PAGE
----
The Birmingham Institute of Forest Research(BIFoR) will introduce its new cohort of forest PhD researchers at its annual meeting 30 January. The researchers are set to reinvigorate forest research in the UK through BIFoR’s doctoral training programme, Forest Edge. Funded by the Leverhulme Trust, the £1 million programme will enable researchers to tackle topics as wide-ranging as how forests can balance the brain, and to how best to conserve mangroves. Professor Nicola Spence, Director of BIFoR and UK Chief Plant Health Officer said: “The risk to our trees from pests and diseases is real and increasing, for example from potential threats like Xylella fastidiosa and Emerald Ash Borer. Meeting the many challenges posed by pests and diseases requires a variety of experts, working together on the scientific and socio-economic aspects of each threat.

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Carbon, Climate & Bioenergy

Canada’s climate gap widens yet again

By Barry Saxifrage
The National Observer
January 30, 2019
Category: Carbon, Climate & Bioenergy
Region: Canada

The gap between Canada’s proposed climate efforts and its 2030 Paris Agreement target has grown even wider in the last year. …The numbers come from… “Canada’s Greenhouse Gas and Air Pollutant Emissions Projections 2018.” …And now, the government’s newest projections show the gap has widened even further. They now project a gap of 78 MtCO2. …The government is hoping to reduce that number by 37 MtCO2 in “emissions credits” which would be bought from California and claimed from carbon in Canada’s forests. …The second hope for credits lies in a new carbon accounting computer model that Canada is putting together for its forests. …There are several reasons these credits are speculative at this point: Not authorized yet… Complicated computer models… Speculative assumptions… Canada’s managed forests are actually emitting carbon. …The primary reason for this switch to carbon emitting is the increasing scale of wildfires and insect outbreaks.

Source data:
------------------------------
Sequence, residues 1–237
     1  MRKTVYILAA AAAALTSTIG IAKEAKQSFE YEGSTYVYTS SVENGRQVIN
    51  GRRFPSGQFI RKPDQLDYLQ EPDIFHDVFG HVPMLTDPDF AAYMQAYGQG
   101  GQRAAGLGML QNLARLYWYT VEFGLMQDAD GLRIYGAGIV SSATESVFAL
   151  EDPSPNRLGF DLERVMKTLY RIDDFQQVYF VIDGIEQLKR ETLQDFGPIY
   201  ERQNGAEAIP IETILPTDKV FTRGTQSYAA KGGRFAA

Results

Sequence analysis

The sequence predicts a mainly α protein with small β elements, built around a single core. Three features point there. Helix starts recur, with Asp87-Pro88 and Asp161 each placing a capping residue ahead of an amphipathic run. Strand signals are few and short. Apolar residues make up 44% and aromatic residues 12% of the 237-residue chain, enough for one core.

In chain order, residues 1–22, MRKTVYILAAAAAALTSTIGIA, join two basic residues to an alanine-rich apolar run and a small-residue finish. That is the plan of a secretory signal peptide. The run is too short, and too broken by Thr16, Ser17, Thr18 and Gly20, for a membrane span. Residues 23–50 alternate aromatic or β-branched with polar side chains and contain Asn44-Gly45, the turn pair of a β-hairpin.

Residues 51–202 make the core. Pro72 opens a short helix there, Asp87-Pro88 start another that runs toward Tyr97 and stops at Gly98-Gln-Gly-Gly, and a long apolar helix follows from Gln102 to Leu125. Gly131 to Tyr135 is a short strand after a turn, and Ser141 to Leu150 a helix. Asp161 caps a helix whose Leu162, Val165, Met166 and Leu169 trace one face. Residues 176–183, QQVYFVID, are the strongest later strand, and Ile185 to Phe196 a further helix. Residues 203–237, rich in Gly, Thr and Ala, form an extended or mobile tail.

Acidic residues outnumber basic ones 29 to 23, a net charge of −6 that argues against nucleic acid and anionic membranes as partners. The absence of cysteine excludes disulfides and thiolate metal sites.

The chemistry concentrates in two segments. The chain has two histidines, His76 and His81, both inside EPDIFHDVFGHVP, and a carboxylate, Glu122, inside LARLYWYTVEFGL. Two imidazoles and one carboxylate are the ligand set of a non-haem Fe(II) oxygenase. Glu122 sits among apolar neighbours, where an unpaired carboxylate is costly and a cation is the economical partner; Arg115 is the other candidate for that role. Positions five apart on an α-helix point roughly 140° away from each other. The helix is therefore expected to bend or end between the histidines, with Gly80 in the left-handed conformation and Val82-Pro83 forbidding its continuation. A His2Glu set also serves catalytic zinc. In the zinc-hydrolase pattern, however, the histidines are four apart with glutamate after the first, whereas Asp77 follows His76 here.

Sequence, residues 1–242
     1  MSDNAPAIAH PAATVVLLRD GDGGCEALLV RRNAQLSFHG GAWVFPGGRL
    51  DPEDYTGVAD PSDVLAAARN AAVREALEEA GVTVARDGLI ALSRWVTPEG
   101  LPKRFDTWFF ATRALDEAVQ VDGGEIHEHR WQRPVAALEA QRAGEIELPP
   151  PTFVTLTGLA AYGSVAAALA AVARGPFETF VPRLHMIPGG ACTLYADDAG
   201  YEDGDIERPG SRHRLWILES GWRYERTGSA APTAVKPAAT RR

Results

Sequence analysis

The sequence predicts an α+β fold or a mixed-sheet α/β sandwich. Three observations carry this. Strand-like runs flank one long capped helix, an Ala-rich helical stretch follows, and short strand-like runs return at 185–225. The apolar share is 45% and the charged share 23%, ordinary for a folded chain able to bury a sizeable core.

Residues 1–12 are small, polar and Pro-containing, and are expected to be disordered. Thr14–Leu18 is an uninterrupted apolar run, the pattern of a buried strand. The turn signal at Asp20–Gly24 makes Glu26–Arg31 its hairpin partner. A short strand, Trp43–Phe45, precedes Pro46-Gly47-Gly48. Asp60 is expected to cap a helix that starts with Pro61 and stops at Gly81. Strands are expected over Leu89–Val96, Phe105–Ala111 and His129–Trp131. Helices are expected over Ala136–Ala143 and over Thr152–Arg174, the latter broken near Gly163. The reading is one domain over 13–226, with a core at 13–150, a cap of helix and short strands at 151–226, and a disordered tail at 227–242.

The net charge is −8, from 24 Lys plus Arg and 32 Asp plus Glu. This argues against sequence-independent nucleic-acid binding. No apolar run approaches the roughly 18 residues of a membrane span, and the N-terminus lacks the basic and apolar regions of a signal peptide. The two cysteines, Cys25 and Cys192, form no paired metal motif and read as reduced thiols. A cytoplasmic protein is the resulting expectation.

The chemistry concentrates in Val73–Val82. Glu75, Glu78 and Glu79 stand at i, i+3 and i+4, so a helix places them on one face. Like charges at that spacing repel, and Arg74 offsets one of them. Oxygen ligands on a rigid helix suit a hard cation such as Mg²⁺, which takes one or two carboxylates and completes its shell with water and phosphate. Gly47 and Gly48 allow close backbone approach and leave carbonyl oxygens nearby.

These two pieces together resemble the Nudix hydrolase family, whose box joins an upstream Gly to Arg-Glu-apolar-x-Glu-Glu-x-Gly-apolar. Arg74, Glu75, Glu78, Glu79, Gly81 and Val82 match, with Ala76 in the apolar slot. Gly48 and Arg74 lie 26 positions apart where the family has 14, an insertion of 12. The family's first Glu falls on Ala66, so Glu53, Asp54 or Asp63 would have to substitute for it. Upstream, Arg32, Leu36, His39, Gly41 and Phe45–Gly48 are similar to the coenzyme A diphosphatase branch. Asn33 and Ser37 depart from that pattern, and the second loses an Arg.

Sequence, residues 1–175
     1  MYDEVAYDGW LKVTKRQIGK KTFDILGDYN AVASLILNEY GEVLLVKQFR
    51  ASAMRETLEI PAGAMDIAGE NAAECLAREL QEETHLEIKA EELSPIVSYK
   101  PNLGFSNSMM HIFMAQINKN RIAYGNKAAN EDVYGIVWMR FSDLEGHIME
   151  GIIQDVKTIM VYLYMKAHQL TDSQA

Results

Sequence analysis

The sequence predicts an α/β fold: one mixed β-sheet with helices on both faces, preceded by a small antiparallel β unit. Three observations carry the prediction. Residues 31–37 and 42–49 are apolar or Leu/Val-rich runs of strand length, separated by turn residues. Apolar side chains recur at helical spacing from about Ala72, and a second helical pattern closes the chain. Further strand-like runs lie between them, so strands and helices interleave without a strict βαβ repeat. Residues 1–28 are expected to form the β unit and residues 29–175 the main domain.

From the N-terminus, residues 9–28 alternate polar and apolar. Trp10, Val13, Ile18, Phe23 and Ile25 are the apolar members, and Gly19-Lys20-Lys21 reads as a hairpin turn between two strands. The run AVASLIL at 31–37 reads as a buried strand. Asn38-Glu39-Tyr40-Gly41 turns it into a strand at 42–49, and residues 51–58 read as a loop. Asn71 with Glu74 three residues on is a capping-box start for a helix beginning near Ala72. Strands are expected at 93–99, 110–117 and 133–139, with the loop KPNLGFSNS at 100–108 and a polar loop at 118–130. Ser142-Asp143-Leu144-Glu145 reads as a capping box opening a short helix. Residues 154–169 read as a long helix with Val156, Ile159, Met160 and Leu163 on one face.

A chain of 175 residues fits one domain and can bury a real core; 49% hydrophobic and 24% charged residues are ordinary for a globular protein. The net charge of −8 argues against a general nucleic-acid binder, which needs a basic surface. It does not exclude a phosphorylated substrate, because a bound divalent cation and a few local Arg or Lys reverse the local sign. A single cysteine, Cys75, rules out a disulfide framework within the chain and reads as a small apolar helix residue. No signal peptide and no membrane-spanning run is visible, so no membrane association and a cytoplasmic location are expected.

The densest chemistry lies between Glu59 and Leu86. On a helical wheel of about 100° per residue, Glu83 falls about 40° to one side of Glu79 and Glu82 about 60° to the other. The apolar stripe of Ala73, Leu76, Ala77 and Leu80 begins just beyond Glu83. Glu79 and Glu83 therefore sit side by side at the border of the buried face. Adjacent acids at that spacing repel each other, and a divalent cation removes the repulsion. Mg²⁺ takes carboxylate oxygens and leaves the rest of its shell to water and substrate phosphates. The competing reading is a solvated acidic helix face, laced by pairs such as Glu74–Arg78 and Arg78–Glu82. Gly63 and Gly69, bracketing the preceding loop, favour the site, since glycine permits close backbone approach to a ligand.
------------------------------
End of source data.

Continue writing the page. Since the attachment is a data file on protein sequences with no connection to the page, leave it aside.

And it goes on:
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Province ignoring wildfires in carbon calculation, Sierra Club BC says

By Mark Nielsen
The Prince George Citizen
January 29, 2019
Category: Carbon, Climate & Bioenergy
Region: Canada, Canada West